• I initially only wanted to breastfeed my baby but it turned out I don’t produce enough to satisfy him so I decided to do both breastfeed and formula. When I was in the hospital they gave him Nan Sensitive and I thought it was fine. When I got home I gave him the Nan Sensitive and he brought it up. So we assumed it doesn’t agree with him. It happened a couple of times.

        So my sister in law suggested that we put him on Novalac AR1 which she used for her baby that had severe reflux and it was the only she found that worked. She tried many different formulas.

        The Novalac AR1 seems to work for my baby but he still brings up sometimes. Not with every feed and also not every day. I feed him while he is sitting up right against my chest when bottle feeding and burb him for 30 minutes after each feed. It seems to work.

        I’m just worried about when he is sleeping that he’ll choke if I ended up not getting all the winds out before putting him to bed.

        A doctor friend suggested Nexium but I know that is for severe reflux and as it said my baby doesn’t bring up a lot when he does. My mother in law said it’s normal for babies to bring up a little milk in general, is this true?

        Also my one friend used the Nexium on her baby and she said after 2 weeks she didn’t have reflux anymore. Can this happen? How long does babies usually have reflux and do they grow out of it?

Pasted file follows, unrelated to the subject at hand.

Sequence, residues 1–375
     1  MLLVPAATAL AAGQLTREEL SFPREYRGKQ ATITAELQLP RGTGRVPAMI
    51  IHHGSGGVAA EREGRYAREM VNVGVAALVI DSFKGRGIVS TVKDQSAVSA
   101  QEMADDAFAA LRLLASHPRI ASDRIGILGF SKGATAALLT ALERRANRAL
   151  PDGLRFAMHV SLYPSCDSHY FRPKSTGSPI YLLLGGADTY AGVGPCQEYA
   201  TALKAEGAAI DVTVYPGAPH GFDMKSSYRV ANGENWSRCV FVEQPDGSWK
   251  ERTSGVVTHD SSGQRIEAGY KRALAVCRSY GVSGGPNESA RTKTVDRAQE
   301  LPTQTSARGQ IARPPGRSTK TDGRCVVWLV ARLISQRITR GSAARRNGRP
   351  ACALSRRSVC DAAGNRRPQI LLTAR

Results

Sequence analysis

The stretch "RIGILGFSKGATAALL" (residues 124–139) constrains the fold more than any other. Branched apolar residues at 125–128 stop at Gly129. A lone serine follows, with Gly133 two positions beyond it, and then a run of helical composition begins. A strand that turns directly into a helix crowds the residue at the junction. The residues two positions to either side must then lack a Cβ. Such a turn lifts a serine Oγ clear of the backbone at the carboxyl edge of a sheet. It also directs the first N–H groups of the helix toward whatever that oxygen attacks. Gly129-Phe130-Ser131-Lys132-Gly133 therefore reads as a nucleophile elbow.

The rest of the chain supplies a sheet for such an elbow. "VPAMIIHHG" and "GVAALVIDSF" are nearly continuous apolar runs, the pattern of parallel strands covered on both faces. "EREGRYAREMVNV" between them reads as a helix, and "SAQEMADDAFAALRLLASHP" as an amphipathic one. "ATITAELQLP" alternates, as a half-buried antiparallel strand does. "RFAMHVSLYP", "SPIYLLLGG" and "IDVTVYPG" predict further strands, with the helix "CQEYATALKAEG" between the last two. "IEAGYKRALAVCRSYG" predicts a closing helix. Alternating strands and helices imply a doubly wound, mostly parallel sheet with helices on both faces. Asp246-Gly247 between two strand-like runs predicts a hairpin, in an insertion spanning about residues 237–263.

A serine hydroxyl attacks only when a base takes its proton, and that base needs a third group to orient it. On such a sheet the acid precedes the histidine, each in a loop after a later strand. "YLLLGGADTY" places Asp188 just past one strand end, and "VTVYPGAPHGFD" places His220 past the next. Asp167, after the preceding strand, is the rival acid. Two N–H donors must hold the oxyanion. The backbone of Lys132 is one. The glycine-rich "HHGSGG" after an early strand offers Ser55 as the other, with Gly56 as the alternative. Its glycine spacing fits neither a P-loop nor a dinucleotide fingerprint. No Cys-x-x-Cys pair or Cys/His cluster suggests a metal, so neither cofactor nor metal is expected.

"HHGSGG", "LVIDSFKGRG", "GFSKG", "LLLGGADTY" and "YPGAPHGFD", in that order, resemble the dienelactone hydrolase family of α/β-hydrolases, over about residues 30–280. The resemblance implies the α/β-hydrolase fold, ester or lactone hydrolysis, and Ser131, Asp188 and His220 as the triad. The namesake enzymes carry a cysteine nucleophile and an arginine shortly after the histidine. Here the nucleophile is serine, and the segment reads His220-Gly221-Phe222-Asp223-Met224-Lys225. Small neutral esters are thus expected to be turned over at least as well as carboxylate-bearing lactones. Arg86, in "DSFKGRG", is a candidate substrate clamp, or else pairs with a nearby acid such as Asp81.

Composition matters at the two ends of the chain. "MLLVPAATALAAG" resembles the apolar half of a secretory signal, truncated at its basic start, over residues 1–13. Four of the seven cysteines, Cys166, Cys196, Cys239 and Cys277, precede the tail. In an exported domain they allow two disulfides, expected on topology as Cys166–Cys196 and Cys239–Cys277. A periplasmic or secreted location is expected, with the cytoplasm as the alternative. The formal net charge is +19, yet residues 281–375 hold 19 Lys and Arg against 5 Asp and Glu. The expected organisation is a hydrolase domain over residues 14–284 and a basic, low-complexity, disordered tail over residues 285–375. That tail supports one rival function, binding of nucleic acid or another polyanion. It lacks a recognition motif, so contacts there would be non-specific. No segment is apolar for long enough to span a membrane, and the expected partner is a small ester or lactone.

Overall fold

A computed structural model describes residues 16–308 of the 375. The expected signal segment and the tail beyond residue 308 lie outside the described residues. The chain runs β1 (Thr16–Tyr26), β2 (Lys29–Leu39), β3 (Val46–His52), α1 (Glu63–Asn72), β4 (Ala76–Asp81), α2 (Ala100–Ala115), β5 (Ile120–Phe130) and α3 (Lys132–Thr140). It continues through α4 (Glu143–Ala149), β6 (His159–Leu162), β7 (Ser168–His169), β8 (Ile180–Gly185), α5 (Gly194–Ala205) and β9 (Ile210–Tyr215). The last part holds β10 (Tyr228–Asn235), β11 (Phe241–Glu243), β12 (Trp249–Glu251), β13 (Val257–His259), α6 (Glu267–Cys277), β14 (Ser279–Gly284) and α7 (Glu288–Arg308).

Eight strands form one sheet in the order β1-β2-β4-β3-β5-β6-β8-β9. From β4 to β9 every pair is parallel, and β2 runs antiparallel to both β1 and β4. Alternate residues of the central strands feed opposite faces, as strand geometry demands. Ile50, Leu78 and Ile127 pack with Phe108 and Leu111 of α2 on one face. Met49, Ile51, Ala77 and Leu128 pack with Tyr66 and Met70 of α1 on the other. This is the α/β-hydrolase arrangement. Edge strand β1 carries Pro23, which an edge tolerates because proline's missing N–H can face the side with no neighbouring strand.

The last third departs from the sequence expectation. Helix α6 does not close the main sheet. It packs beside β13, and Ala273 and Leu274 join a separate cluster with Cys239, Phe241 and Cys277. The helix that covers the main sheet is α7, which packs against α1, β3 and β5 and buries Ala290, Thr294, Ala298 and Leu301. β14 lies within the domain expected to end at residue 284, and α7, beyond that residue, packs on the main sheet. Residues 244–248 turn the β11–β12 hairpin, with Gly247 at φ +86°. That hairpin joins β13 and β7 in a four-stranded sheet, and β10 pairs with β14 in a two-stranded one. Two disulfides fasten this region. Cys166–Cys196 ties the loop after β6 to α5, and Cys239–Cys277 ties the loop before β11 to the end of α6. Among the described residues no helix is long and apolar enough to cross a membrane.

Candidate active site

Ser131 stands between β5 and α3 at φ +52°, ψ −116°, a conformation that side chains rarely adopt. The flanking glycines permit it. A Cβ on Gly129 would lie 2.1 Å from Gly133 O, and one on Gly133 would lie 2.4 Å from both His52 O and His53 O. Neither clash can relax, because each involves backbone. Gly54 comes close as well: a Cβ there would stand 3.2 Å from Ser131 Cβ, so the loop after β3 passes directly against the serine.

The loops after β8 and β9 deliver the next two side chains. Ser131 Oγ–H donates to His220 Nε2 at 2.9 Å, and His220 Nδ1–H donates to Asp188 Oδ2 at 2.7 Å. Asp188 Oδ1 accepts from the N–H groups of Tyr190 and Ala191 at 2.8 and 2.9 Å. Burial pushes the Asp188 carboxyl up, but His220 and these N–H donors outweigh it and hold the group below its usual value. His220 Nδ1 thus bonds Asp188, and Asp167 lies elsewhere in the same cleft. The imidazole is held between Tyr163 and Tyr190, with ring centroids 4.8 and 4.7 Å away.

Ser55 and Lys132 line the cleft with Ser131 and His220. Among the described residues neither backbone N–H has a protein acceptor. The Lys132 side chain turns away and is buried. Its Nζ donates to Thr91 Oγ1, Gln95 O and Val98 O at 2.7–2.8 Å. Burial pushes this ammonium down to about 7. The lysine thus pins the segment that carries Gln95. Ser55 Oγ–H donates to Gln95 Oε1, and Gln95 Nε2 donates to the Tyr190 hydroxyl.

I apologize I know this is a super long reply. I’m just concerned.

        • Nexium is a schedule 4 drug and is available by prescription only. It is a miracle drug in very severe cases, however, many other options need to be explored before this decision is made.
          We highly recommend that you discuss this with your paed.

  5. hi there, i have been told that Novalac AR causes constipation , is this true. I am about to change from Similac to Novalac AR 1 (my baby has acid reflux) but he is already quite a constipated child. Im concerned its going to get worse.

    • It depends on what the major issue is . . .if baby has gas, then yes you can try Novalac AC, but if the spitting up is possibly reflux, then baby may need to be on a thickened formula like Novalac AR. If you would say it is both then try Novalac HA (it has the thickener of AR, but low lactose like AC. . .) – best of both worlds. . . Might be a good idea to visit a healthcare professional for some advice!